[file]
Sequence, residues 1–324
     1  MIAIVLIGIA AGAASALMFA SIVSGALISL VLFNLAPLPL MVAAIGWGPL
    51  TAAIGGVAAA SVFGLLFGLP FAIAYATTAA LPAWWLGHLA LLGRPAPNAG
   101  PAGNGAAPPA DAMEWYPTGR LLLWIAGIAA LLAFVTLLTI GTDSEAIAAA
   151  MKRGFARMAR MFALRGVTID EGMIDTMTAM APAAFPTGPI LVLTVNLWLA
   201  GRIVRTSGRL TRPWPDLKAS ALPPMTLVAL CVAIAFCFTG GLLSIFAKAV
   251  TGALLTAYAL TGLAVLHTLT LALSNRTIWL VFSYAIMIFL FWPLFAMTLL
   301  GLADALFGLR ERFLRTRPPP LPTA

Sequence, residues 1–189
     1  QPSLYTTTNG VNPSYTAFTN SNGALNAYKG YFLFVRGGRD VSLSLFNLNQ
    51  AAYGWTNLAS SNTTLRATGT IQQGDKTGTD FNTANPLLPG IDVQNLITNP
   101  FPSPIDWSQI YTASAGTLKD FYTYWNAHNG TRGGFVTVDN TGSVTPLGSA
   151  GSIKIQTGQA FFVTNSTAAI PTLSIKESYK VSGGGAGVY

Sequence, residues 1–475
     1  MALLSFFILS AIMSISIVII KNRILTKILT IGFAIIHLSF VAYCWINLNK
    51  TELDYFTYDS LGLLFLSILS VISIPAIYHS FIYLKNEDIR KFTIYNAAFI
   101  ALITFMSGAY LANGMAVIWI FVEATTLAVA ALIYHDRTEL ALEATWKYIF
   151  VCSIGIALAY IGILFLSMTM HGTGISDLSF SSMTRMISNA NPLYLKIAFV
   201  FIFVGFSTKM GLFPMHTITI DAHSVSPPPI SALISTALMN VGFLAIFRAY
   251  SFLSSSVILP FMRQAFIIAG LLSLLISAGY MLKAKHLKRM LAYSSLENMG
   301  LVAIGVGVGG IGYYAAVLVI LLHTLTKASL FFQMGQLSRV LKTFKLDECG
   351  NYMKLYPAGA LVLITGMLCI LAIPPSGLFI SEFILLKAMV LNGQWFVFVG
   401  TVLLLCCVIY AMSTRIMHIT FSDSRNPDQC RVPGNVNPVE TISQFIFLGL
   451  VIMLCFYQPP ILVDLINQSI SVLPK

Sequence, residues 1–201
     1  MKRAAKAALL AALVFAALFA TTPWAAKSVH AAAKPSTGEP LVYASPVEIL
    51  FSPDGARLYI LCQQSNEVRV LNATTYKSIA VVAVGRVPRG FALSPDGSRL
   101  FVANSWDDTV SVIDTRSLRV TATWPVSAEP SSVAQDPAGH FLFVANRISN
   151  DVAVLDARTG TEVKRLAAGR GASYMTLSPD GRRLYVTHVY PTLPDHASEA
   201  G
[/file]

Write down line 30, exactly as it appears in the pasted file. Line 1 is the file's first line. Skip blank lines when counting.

   201  G